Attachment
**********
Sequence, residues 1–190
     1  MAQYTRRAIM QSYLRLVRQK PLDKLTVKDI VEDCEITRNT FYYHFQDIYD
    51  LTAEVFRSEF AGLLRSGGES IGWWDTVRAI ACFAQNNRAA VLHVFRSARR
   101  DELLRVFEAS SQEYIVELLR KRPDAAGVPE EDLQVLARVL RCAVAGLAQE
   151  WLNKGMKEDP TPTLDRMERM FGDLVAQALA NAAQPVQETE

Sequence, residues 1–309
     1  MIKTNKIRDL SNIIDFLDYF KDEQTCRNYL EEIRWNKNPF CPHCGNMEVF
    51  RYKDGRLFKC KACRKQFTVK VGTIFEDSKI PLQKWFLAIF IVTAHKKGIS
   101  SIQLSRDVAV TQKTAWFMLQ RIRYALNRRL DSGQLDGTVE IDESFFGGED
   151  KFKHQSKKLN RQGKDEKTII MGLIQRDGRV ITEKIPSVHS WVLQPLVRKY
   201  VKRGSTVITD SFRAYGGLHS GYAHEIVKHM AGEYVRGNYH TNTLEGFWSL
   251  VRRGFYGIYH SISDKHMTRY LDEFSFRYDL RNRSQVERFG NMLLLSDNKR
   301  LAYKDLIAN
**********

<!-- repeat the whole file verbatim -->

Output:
Sequence, residues 1–190
     1  MAQYTRRAIM QSYLRLVRQK PLDKLTVKDI VEDCEITRNT FYYHFQDIYD
    51  LTAEVFRSEF AGLLRSGGES IGWWDTVRAI ACFAQNNRAA VLHVFRSARR
   101  DELLRVFEAS SQEYIVELLR KRPDAAGVPE EDLQVLARVL RCAVAGLAQE
   151  WLNKGMKEDP TPTLDRMERM FGDLVAQALA NAAQPVQETE

Sequence, residues 1–309
     1  MIKTNKIRDL SNIIDFLDYF KDEQTCRNYL EEIRWNKNPF CPHCGNMEVF
    51  RYKDGRLFKC KACRKQFTVK VGTIFEDSKI PLQKWFLAIF IVTAHKKGIS
   101  SIQLSRDVAV TQKTAWFMLQ RIRYALNRRL DSGQLDGTVE IDESFFGGED
   151  KFKHQSKKLN RQGKDEKTII MGLIQRDGRV ITEKIPSVHS WVLQPLVRKY
   201  VKRGSTVITD SFRAYGGLHS GYAHEIVKHM AGEYVRGNYH TNTLEGFWSL
   251  VRRGFYGIYH SISDKHMTRY LDEFSFRYDL RNRSQVERFG NMLLLSDNKR
   301  LAYKDLIAN